On Budgeting: Now Let’s Get Real

In my last post, I yammered on about budgeting, and keeping it simple.  I mentioned how apps like Mint can be a huge help, and they can.  But I’ve been taking a closer look over the last few days, and I think there’s a little more to the story, at least for me.

The biggest spending category (both planned and real) on my Mint budget is called “Miscellaneous” ($700).  Not so descriptive.  In my mind, it’s things like gas and groceries and beer – anything that fell outside the other categories of Storage ($280), Mobile Phone ($120), Internet ($55) and Life Insurance ($40).  But after looking a little more closely, it’s possible I am just hiding a bunch of other irresponsible purchases in there too.  Is it possible my budget had become too simplified and thus was heightening the detachment I have from purchases, especially those made with credit and debit cards or worse, are automatically debited from our accounts?

Now, at a glance, my budget seems pretty tight. About $1200 per month for everything (I don’t pay rent but I have about $40,000 of debt associated with a home and rental income property I have in Mexico which I am trying to pay off as quickly as possible.  I also spend half of my time at a remote work site in Canada and all of my costs are covered while I am here).  Which fits the amount in my plan of putting the rest of my income towards debt.   So why do I keep failing to meet those goals, and why does my debt linger longer than I want it too?

I decided to do some dirty work and build my budget again from the ground up, using my own spreadsheet.  I started by reviewing all my transactions for the last few months on Mint and made sure to account for all of the automatically occurring transactions.  These included “Necessities” (which I take to mean “currently unavoidable but far from necessary”) such as Life Insurance ($38.10) and Storage (I have a few things lingering where I used to live in Canada in a much overpriced storage unit still) ($177.45), Mobile Phone ($120), and Internet ($55).  Other automatic purchases that I decided to categorize as “Luxuries” (which I take to mean “can be slashed at any given moment if deemed necessary”) include a membership to the Adobe Creative Suite (Photoshop, etc) ($14.65), Apple Music ($9.99), Audible ($19.55) and Netflix ($9.99).  There are also a few small monthly charitable donations that I make ($9) and I pay a combined $18.90 in monthly bank account fees.  In total, before I’ve spent any cash, at the start of a new month it is guaranteed that of my $1200 Budget, about $475 of it is already spoken for and pre-determined to be withdrawn from my bank account.  That leaves over $700 for everything else, which I’ve calculated repeatedly too be a sufficient amount of spending money but somehow I keep failing to achieve.  So what other transactions were hiding in there that I had trained myself not to feel?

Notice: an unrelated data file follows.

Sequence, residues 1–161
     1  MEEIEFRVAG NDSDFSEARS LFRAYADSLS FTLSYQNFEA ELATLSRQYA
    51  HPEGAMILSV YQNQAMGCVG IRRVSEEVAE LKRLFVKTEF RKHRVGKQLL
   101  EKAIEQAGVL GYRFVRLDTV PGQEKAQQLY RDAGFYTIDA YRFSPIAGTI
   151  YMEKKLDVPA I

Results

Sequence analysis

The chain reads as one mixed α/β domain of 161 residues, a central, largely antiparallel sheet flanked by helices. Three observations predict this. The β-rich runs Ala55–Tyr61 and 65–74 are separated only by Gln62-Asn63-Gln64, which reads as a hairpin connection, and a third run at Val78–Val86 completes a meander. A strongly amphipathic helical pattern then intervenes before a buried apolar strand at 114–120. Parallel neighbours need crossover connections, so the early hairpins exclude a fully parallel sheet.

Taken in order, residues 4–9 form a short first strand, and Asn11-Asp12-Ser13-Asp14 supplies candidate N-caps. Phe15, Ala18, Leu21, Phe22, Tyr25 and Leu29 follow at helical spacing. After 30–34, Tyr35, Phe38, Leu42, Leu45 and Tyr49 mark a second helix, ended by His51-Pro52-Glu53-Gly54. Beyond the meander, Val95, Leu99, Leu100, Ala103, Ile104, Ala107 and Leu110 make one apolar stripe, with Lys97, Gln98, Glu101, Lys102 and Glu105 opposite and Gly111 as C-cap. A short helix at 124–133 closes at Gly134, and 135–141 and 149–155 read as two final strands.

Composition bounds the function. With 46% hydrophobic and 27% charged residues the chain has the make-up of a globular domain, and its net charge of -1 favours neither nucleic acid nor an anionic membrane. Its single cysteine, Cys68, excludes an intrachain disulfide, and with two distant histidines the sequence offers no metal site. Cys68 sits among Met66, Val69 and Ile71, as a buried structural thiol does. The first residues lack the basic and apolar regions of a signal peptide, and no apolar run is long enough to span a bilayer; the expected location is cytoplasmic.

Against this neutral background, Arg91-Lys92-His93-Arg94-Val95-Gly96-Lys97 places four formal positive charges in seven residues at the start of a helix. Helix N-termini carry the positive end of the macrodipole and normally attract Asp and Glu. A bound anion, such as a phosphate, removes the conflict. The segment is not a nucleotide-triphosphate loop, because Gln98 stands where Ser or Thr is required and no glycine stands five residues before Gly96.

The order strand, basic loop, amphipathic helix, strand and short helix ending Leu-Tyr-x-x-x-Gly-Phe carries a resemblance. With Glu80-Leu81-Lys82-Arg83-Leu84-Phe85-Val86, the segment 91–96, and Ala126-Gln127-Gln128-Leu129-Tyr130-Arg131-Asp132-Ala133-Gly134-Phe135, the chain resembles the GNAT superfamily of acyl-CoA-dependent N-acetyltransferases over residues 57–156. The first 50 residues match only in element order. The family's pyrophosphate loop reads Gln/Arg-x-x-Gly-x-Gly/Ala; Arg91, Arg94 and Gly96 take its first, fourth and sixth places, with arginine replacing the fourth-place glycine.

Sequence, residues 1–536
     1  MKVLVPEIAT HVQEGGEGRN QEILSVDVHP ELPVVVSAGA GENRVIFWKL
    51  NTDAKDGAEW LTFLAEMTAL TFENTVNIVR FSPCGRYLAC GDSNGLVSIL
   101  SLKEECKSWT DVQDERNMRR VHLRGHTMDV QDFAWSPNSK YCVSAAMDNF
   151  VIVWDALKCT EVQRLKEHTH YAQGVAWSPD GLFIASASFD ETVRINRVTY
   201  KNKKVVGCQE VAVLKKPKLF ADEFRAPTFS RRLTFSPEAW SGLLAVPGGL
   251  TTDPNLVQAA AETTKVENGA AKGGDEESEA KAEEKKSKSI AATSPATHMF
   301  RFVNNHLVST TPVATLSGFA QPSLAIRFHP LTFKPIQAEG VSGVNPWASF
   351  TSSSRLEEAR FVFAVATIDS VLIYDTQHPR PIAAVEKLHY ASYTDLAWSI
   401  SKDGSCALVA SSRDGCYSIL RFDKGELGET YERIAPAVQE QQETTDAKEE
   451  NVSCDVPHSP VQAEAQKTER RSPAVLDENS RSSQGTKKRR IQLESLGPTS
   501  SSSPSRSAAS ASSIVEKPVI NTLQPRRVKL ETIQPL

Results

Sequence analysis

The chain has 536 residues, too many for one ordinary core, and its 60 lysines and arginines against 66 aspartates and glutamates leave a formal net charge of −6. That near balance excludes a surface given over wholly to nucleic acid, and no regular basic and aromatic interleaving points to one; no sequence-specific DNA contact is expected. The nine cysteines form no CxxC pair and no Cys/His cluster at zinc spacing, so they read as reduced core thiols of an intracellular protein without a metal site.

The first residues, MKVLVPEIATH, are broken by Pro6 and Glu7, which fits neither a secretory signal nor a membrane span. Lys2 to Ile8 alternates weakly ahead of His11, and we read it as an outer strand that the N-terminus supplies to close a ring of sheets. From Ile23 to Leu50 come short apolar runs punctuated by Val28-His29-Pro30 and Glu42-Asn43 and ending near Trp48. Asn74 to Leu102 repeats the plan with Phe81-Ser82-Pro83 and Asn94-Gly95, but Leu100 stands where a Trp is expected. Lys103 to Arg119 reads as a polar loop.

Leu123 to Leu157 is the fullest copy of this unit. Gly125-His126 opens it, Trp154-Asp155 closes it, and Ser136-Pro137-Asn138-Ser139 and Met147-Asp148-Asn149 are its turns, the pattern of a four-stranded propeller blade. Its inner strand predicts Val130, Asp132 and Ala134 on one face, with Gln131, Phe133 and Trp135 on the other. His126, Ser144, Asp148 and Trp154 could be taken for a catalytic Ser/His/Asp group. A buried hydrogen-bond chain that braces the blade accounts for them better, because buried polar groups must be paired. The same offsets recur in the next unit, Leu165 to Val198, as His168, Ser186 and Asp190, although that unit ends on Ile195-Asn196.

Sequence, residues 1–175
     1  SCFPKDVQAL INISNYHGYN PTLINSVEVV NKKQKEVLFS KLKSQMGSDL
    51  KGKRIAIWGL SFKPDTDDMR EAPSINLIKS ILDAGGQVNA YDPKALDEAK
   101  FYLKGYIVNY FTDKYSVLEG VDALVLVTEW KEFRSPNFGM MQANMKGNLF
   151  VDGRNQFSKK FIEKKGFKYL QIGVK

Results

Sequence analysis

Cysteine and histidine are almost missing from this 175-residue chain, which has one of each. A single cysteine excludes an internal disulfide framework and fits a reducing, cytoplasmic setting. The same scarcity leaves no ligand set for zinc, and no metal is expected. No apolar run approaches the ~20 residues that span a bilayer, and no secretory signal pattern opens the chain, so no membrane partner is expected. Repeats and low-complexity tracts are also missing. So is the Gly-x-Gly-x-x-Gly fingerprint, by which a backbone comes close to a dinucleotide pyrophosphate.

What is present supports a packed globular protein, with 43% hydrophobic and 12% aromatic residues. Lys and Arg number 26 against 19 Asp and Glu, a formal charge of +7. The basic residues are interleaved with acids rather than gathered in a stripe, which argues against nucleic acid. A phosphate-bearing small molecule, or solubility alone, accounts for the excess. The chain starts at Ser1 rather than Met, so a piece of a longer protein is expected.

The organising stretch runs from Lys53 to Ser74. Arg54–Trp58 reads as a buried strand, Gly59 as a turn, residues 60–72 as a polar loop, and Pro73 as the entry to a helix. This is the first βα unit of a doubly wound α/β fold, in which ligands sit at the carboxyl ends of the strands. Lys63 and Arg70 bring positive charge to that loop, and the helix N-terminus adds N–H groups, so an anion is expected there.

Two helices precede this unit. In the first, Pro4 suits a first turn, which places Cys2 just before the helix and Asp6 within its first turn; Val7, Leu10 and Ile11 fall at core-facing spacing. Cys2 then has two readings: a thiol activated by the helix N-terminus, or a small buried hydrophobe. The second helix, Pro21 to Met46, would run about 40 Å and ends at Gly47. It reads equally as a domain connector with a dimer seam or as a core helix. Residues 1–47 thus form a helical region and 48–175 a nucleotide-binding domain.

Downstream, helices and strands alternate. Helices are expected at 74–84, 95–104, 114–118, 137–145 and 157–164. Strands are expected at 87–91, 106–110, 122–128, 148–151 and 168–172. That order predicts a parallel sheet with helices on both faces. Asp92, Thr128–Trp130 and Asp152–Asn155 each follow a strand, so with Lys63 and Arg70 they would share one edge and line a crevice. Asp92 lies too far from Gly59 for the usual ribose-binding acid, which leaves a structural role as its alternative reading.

Well, for one, Interest.  One thing we think too little about when carrying debt – especially on credit cards – is Interest.  Last month, for example, I paid $232.43 in interest, $186.64 of which came directly from my bank accounts (the others are set to just tack that amount onto the existing loan balance, for me to pay more interest on next month).  These are expenses that aren’t accounted for in my Mint budget, and thus get pegged as “Miscellaneous” when I am reviewing my transactions for the month on Mint and allotting them their spots in my Budget.  That’s 26.6% of my “Miscellanous” budget which, if you recall, I think of as my every-day expenses type of cash flow.  On their own, each of these charges don’t seem like much even if one does notice them in their transactions list.  But combined, as you can see, they’re a big part of the reason I’ve been struggling to meet my monthly spending goals.

Further, there’s all sorts of bank fees.  Beyond the regular fees, there’s fees such as Overdraft Protection ($4.00) and other things that at some point I guess I thought I needed but am slowly starting to know better.  I am calling one bank today to close one of my 3 accounts and have their rewards credit card exchanged for a plain-Jane no-fee credit card.  When I have paid the balance of my credit card and Line of Credit with the other bank, I will close all accounts with them entirely ($14.95/month for a standard chequing account).  Also, without a mortgage anymore and being single with no dependents, I don’t need the Life Insurance coverage that I have.  I have already contacted my provider to set this in motion.

And just by reviewing my transactions a little more carefully yesterday and trying to remove the long-engrained mental barrier stopping me from truly registering many electronic transactions that I make, I have become aware of some of my habits, which will go a long ways in remaining conscious of my spending, and have even identified places to trim some fat.  For now, my expenses will be reduced by $49.10.  Put away each month to go to work for me in retirement, that $49.10/month will grow to about $33,477 by the time I turn 55*.  At that point, I’ll have been retired for 32 years, almost half of my life.

Totally worth it.

Where have you been able to trim some fat just by taking a few moments to look more closely at your spending history?  And how much will that add up to by the time you’re 55?* Let me know in the comments.

*Assuming a 7% Annual Return and no inflation



4 thoughts on “On Budgeting: Now Let’s Get Real

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